All-in-all, it’s been a sensible transfer window for a club that has a little bit of rebuilding to do. Man Utd are still competitive in the Premier League and there is no real expectation in the Champions League. The club are set up for the elusive top four finish and an ‘under the radar’ season. The more Moyes is out the spot light, the better. Any manager coming in would have had rebuilding to do. Three seasons will be the barometer of Moyes as a manager at this size club, not one transfer window.

#MoyesIn

A mention to Jamie Keating – Jamie has helped me complete, edit, and provided fan-based ideas for this blog post. He’s a Manchester United fan. If you enjoy this blog, give him a follow. 

Over and out.

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Traditions making way for a new a generation in football, a round up;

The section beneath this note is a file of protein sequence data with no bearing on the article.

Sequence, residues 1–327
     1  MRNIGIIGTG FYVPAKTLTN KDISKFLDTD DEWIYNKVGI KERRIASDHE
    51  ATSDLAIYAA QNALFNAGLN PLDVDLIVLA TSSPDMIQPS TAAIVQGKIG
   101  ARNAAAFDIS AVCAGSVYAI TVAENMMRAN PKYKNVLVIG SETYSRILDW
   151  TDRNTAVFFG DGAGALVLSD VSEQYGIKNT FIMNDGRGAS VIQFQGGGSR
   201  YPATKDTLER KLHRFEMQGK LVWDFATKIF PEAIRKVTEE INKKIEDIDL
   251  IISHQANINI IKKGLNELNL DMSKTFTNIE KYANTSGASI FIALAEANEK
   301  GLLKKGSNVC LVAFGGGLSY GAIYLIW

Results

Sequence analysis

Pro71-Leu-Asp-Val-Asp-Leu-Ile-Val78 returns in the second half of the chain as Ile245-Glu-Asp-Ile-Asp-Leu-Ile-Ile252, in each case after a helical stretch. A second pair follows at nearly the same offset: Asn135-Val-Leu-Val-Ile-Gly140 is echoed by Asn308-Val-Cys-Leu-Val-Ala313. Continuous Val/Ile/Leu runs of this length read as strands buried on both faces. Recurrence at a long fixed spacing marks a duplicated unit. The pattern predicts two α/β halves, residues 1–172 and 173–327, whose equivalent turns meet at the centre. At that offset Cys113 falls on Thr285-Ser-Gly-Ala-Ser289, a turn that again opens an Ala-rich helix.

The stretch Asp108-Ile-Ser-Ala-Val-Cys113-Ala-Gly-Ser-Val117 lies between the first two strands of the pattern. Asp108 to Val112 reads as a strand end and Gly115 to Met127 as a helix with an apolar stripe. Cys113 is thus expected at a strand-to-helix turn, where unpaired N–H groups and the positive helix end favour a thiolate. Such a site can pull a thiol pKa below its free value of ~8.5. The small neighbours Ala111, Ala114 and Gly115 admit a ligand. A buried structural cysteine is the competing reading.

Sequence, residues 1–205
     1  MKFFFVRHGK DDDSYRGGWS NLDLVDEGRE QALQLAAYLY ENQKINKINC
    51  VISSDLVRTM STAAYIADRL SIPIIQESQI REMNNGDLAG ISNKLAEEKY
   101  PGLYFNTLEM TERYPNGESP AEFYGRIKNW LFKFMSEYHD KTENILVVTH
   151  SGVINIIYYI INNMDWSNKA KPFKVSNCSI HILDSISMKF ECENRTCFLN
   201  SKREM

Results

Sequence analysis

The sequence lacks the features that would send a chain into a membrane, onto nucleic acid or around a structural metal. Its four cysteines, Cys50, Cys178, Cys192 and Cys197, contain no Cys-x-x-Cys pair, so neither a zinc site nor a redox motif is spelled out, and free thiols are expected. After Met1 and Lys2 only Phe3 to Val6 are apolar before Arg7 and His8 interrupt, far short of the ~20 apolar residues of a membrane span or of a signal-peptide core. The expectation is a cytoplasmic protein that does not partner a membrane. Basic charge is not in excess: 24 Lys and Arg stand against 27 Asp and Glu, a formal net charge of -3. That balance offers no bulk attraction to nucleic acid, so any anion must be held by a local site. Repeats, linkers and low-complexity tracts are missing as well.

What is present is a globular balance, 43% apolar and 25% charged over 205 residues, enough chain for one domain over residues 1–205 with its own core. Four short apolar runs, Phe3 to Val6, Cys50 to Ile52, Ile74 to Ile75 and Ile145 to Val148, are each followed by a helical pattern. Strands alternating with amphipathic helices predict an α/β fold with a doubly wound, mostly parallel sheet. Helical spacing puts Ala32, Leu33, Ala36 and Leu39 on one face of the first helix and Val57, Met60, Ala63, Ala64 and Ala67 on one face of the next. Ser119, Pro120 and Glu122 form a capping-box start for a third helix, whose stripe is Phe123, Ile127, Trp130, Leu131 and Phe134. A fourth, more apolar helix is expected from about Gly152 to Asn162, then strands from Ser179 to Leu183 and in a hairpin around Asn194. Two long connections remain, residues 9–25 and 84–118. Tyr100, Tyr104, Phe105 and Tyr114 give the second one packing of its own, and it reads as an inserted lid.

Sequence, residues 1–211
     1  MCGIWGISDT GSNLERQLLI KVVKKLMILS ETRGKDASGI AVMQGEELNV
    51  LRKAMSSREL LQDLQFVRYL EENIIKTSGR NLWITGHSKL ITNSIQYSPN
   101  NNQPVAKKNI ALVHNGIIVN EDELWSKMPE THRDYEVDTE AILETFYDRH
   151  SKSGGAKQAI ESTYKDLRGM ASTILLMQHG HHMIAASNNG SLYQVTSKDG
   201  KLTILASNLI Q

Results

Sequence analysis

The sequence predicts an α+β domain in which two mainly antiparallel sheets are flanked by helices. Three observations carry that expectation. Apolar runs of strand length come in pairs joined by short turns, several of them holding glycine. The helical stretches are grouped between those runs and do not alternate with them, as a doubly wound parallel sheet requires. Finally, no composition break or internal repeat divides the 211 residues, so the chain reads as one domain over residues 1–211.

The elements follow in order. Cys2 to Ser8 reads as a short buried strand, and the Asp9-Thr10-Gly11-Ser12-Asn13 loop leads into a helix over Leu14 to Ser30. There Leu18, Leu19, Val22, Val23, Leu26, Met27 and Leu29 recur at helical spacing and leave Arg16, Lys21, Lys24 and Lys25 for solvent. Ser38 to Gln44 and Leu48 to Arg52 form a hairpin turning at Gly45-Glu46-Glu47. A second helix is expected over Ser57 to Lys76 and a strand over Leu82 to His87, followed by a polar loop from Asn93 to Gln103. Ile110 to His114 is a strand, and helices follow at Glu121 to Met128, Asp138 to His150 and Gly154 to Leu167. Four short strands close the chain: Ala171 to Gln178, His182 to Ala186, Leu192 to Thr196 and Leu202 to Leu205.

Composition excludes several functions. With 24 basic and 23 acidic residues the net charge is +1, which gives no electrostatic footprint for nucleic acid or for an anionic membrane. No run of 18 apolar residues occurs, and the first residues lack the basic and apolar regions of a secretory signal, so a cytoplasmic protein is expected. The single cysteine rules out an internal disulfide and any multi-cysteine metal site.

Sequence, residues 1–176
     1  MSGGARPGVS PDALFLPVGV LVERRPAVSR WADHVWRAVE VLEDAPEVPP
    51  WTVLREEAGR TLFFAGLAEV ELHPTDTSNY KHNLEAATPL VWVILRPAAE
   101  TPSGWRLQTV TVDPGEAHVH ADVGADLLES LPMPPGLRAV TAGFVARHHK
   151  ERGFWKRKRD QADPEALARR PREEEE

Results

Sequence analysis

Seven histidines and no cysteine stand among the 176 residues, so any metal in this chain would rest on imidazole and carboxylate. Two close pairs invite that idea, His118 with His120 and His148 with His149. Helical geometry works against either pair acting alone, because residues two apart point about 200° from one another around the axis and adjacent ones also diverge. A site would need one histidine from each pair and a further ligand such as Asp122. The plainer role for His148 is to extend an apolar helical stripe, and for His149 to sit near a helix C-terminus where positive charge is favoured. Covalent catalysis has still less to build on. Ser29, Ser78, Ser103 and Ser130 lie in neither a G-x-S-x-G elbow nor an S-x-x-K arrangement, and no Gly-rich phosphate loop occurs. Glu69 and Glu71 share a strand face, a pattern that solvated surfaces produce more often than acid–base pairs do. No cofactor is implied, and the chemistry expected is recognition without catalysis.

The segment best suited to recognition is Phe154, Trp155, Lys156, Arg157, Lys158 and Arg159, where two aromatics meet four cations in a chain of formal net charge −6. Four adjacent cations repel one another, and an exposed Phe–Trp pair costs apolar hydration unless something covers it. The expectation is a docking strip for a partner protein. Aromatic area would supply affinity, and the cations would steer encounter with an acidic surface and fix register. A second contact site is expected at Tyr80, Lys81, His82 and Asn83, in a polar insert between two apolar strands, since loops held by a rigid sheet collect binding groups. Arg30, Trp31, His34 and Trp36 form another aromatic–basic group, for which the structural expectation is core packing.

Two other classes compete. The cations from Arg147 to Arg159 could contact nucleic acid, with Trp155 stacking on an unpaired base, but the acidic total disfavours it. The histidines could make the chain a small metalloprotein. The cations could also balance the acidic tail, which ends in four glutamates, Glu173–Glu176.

My last blog piece was written quite a while back now, and for that I need to say sorry. Since my last one I’ve got a new job, and a new flat too. It’s been a busy time. I’m writing this in a rather informal notion, so excuse my disregard for proper sentence structure or journalistic skills. It’s more about opinion, and for that – I want to see responses.

In football terms, Arsenal appear to have turned a corner. Those who follow my twitter-feed (see top) will know I was cautious about ‘counting chickens’; as the form and ability of the opposition was as questionable as the Gunners themselves. As it stands, a thumping win at Stamford Bridge and topping their Champions’ League group thus far, I believe as long as Arsenal are in the top five come January they’ll finish in that lucrative top 4 spot. If they’re smart enough to strengthen well, I even think 3rd place is do-able. With that thought in mind, I’ll stick to my prediction from my transfer blog in Summer;